At 5 am word rippled through that several buses would come to take the migrants to Quito and then to Huaquillas, an Ecuadorian city on the border with Peru. I saw them off, boarding buses with smiles on their faces, and decided to go back to Colombia to wait for a text and video colleague. We were aiming to follow a single group of Venezuelans just arriving at the border headed for Peru.
My colleagues Rodrigo Almonacid, a text journalist, and Juan Restrepo, a video reporter, arrived very early the next day and we headed out to the Pan-American Highway. A few kilometers from Pasto we saw a van with some people in the back -- two families who met on the road and decided to join forces and travel together. The Lomellys were heading to Quito and the Mendoza Landinez clan was heading to Peru.
We decided to follow them.
They drove until a Colombian police checkpoint, where officers order them out saying it was too risky to travel in the back of the truck.
They walked out of sight of the police and the truck returned to pick them up. Everyone got in again and drove for a few kilometers more. The truck driver couldn’t go any further, so everyone got out to walk -- 11 people and a five-month-old baby. With their suitcases.
The families were famished and luckily, a guardian angel appeared on the side of the road. A Venezuelan woman who had arrived here a few weeks ago and who now worked at a roadside restaurant not far away. When she saw the two families, she started crying because they reminded her of when she got here. She handed them food and the two families shared the meal.
A few minutes later, another lucky break. A truck stopped. The driver was on his way to Ipiales and could give them a lift to there. Everyone quickly threw in their suitcases and got inside. In Ipiales, they began the walk to the border.
This was a really tough assignment physically. The days were long and strenuous, walking for hours and taking pictures. I would go ahead, wait for the migrants to pass, then run ahead of them again. And it was exhausting emotionally too, because I had to keep reminding myself not to get angry at the situation and just concentrate on taking good photos.
After several hours, we finally arrived at the border. Some more good news -- as a humanitarian gesture, Ecuador was going to provide buses to take the migrants to the border with Peru. They waited in the frigid cold -- 4 degrees Celsius -- for several hours. Then the Mendoza Landinez family got some bad news -- 19-year-old Eliana would not be able to get on the bus because her identity card was mangled and the migration officials thought it was a fake. She and her five-month-old baby Tiago would stay behind.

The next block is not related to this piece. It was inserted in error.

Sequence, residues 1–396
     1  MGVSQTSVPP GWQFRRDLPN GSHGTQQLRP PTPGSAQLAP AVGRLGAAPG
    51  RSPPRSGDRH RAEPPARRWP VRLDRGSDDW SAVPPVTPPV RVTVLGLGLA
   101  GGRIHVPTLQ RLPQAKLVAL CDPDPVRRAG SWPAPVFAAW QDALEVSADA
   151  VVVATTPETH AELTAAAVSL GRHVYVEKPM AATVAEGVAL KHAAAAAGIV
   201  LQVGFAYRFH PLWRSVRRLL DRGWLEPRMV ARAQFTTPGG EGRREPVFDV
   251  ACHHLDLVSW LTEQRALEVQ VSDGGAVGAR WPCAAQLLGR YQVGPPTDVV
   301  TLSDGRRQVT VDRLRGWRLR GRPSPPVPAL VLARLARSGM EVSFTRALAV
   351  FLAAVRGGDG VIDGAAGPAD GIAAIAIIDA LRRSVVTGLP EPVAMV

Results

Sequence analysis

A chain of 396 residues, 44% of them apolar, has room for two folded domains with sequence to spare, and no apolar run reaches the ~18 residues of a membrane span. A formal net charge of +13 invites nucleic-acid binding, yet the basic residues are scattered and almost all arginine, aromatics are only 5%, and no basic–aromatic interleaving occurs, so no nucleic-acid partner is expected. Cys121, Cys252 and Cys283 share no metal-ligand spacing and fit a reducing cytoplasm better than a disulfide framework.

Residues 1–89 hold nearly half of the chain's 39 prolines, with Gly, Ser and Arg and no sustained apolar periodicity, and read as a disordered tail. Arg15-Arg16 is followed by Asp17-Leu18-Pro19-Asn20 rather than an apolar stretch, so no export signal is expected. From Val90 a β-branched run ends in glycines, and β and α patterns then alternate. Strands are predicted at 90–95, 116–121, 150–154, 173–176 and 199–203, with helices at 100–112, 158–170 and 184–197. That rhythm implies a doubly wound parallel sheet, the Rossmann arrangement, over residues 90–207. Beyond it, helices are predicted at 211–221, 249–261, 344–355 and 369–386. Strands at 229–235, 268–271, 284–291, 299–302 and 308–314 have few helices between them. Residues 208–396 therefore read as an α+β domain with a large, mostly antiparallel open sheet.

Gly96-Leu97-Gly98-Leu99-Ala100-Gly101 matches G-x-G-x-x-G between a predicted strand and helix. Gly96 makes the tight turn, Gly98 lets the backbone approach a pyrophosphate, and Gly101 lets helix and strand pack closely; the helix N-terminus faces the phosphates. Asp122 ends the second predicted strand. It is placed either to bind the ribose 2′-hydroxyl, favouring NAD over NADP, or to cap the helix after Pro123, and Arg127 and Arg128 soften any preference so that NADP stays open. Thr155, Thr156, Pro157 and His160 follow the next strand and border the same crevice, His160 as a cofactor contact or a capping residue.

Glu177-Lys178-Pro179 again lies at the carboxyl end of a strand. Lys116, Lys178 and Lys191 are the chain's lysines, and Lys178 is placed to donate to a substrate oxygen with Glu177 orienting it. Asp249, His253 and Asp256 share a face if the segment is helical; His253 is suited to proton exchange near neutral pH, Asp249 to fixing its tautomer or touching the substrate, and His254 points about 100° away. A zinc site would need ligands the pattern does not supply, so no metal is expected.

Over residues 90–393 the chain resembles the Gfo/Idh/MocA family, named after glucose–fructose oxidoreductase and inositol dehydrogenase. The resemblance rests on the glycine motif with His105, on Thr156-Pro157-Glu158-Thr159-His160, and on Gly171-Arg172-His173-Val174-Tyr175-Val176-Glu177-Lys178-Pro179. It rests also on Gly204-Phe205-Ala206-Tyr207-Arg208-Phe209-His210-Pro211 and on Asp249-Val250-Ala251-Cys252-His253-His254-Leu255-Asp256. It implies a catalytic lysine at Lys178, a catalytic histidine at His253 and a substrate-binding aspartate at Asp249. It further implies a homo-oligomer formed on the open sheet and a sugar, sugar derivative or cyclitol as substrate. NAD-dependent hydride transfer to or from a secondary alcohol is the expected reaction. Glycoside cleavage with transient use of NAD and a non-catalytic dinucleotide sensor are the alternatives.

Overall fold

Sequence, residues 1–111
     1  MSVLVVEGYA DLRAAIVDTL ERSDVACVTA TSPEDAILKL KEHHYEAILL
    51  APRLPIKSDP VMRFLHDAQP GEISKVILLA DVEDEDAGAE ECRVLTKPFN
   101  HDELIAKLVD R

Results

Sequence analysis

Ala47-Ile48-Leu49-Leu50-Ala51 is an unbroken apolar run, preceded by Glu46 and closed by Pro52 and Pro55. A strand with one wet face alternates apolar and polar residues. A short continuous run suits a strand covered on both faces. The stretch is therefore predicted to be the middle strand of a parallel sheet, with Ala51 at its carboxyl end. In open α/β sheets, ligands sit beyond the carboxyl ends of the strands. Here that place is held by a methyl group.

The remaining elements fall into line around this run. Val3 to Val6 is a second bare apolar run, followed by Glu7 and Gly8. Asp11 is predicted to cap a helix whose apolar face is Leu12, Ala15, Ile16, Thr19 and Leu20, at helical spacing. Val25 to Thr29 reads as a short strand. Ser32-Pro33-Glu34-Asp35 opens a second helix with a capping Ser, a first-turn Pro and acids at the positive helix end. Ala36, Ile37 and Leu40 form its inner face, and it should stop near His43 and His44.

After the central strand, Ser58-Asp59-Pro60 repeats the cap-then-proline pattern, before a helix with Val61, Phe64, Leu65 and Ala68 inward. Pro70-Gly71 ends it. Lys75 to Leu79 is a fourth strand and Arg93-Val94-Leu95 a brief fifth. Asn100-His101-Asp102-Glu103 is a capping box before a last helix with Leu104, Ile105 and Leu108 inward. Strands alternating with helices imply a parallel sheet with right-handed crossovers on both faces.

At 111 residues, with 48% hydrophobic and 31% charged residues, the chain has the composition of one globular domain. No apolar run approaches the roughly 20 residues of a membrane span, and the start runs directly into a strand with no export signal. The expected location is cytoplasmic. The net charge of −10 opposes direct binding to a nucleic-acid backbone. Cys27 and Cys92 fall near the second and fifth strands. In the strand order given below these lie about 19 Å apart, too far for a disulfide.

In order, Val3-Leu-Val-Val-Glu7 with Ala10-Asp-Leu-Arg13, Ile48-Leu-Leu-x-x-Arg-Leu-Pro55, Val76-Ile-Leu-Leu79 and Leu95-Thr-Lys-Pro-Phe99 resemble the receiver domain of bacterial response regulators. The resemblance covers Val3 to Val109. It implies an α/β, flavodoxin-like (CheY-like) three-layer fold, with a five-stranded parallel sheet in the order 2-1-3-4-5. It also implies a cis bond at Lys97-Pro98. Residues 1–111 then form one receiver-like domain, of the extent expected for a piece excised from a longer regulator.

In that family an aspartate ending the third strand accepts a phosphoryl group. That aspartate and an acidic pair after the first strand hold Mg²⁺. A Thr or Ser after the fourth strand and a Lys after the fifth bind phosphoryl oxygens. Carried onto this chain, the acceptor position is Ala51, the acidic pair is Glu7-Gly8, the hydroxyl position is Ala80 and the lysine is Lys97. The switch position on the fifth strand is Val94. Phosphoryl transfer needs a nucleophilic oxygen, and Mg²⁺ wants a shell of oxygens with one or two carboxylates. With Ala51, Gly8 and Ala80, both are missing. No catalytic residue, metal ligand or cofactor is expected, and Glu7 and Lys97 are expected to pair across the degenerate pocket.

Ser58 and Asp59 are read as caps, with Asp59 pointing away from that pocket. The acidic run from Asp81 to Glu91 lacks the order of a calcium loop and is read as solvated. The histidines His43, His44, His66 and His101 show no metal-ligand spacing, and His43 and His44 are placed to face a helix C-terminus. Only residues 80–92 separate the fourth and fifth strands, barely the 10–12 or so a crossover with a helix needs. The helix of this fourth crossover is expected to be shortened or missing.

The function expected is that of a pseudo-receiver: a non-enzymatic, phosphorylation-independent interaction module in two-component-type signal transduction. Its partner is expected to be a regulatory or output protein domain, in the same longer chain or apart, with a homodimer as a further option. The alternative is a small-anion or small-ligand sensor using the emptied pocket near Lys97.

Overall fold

It was heart-wrenching watching them make the decision. If they stayed with Eliana, the whole family would miss the deadline to cross into Peru. So Eliana and her baby would head to Quito, with the Lomellys. The rest of the family got on the bus to the border with Peru. We hurried to hire a driver to follow them.
The bus drove the 670 kilometers to the border town of Huaquillas, making stops along the way. It got there at 4 am on August 25. They had missed the deadline by four hours. The faces of the Venezuelans were a mix of rage and impotence. That’s how I felt on the inside.
Not having passports, the Mendoza Landinez decided to ask to enter Peru as refugees. They got in line. Eventually, their request was approved and they entered the country as refugees and headed to Lima, to meet Eliana’s Mom.
By this time, it had been nearly 40 hours without sleep, so exhausted, we decided to look for a hotel to rest.
I loved covering this story, but it was so sad to see -- all these people, despite the inconveniences, the risks, they leave everything in their country to look for a better future elsewhere. Many of them are professionals whose salaries are not enough to feed their families.
I have covered conflict before and plenty of refugees that those conflicts produced. I would arrive in a town and find it empty. But Venezuela is not a country at war. Its people are leaving the country because of economic necessity -- there is a shortage of medicine, they can’t buy food for their families despite having a job and earning a salary. There is something really tragic in seeing people from a country at peace have to flee.
This blog was written with Yana Dlugy in Paris.